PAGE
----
The Pros and Cons of Conditioning by Laura Besley

I research how to make my boys’ hair grow faster: I wash it in special shampoo and ignore them when they complain I rinse it in cold water; I make them take additional vitamins after breakfast and massage their scalps while they’re watching TV; I buy a special brush with bristly bristles to distribute their natural oils and I do this two, three, four times per day.
       By early December, six weeks after we last went, their hair is just about long enough to warrant another cut.
       It’s a Friday afternoon. After school. Both kids are a bit cranky, but they know the drill: if they sit nicely, the barber will give them a lollipop.
       ‘Hello, Helen,’ he says, as I bustle both boys into the warmth of his shop. ‘How are you?’ The hard h of his accent is like steel cutting silk.
       This simple question, yet I have no answer. It’s the way he looks at me, head tilted ever so slightly to one side, like he wants to know the answer. The real answer.
       He smiles. ‘Coffee?’
       I nod, the blush rising on my cheeks like berry-red hair dye.
Milk with one sugar is what he gives me. I’ve given up sugar. New diet. Trying to lose some weight before Christmas. Part of me wonders why I bother. It’ll only pile back on again. The other part of me thinks: if I can get some off now, I’ll feel less guilty during the festive season.
       The barber settles the eldest into a chair, asks him about school. The youngest one sits next to me, role playing one dinosaur chasing and eating another. It’s a dinosaur-eat-dinosaur world.
       I take a sip of the coffee, the sweetness bringing back memories of when life was simpler. Sweeter.        When I didn’t feel pulled in a million different directions. When my emotions didn’t feel like they’d been wrung out. When Paul still asked me how I was. When he still wanted to know the real answer.
Kid One is done. The barber holds up the mirror. ‘Happy, Helen?’
Now that’s a question. Assuming he means the haircut, I nod, say, ‘Looks great,’ and drain the dregs of my coffee, now cold.
       In the chair, Kid Two is quieter, less chatty. Kid One is sitting next to me on some kind of handheld game console thing. A fake Game Boy for a quarter of the price. Sweets. Screen time. All these things I had strict principles about before I had kids.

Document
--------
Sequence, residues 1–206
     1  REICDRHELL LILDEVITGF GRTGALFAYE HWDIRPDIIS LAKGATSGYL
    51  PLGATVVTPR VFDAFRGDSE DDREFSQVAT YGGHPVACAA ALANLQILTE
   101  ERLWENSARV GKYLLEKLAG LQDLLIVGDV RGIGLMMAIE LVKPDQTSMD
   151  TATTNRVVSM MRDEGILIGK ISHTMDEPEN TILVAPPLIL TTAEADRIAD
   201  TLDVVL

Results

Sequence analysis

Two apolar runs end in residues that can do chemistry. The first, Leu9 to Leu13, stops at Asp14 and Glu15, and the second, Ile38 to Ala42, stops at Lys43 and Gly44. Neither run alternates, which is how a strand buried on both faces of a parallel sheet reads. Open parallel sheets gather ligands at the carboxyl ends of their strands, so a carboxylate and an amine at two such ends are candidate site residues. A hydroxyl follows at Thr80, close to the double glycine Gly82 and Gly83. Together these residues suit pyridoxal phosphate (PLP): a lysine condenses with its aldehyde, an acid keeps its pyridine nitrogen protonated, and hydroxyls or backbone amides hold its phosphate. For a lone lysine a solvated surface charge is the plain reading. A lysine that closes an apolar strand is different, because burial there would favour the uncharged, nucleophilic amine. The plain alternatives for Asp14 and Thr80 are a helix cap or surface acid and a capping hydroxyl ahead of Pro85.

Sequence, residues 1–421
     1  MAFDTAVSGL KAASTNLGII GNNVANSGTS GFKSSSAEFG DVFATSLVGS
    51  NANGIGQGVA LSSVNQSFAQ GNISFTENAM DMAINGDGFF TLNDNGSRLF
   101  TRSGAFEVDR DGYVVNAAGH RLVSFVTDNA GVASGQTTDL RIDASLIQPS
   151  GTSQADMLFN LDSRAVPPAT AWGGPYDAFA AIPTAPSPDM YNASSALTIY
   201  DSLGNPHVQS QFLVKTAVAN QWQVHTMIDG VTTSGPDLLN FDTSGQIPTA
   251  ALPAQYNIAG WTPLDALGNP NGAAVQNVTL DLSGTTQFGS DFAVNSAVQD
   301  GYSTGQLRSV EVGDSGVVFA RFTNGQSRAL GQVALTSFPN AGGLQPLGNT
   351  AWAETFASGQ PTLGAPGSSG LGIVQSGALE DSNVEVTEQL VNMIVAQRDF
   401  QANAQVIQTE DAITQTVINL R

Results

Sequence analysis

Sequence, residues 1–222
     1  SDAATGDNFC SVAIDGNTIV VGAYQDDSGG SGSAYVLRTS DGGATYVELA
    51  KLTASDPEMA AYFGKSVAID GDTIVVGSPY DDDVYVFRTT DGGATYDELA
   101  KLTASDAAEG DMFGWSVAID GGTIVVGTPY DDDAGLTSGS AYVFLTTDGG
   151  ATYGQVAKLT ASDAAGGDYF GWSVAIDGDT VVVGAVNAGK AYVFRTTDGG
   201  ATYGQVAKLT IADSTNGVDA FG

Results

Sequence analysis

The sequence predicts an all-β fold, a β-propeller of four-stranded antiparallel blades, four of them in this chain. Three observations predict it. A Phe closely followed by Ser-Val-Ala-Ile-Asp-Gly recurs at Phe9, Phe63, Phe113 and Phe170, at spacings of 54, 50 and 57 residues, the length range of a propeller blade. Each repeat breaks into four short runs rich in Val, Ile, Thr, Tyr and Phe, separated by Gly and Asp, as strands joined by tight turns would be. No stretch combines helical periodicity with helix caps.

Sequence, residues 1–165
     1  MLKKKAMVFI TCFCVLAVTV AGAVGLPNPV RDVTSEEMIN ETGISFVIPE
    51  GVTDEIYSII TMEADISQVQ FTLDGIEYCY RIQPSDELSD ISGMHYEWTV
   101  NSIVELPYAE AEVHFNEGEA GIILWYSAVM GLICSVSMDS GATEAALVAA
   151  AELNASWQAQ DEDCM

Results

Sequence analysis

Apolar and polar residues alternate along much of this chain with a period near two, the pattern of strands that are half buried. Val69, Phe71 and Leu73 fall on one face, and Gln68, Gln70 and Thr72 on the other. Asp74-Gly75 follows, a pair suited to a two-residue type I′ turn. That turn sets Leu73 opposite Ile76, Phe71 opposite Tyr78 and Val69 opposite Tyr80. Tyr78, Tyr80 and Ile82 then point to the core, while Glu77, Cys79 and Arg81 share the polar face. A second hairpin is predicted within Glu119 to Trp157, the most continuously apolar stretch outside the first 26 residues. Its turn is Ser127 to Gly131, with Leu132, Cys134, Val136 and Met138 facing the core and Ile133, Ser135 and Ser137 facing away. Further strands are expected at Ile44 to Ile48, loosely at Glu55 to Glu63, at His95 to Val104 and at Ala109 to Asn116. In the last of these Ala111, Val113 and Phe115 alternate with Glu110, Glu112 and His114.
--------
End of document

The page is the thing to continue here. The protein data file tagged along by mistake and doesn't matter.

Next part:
‘How’s work, Helen?’
       I’ve told him before I run my own business. A secondhand bookshop. People are often disgruntled when they see the prices because they confuse my shop with a charity shop. It’s a bookshop, I always tells them. For selling secondhand books.
       I shrug. ‘It’s okay.’
       Both of us being small business owners makes me feel like we have something in common. A connection.
       ‘Actually,’ I say, ‘it’s been tough.’
       He nods. ‘For me too.’
       We talk about rental prices going up, footfall lowering due to online shopping. Although he’s cutting Kid Two’s hair, I feel like he’s really paying attention. Really listening. Not like conversations at home when Paul is watching TV at the same time, or playing on his phone.
       ‘Actually, Helen,’ he says. ‘I’m closing. Christmas Eve will be my last day.’
       I watch him, his back curved, crouched over Kid Two, snipping away at the final few stray strands. In the mirror’s reflection I look at his face: slightly puffy, eyes lacking their usual sparkle and berate myself for not having noticed sooner that something wasn’t right. Being able to see both the back of him and the front at the same time feels like seeing our lives as they are now and how they could have been if we’d met in a different reality.
       ‘I’m so sorry,’ I say.
       When he finishes, he gives both kids a lollipop, tells them to be good for Mummy.
       I pay, put my purse away.
       ‘Take care, Helen.’
       ‘You too.’
       Walking to the car, the cold winter wind making my eyes water, I realise I don’t even know his name.

Laura Besley is the author of (Un)Natural Elements, 100neHundred (shortlisted for the Sabateur Awards) and The Almost Mothers. She has been widely published in online journals, print journals and anthologies, including Best Small Fictions (2021). She has been nominated for the Pushcart Prize and Best Micro Fiction and is currently working on her first collection of short stories after being awarded a DYCP grant by Arts Council England. 

Having lived in the Netherlands, Germany and Hong Kong, she now lives in land-locked central England and misses the sea.

If you’d like to read some of Laura’s work, you can visit her website ( or connect on Instagram: @besley_laura or X: @laurabesley 

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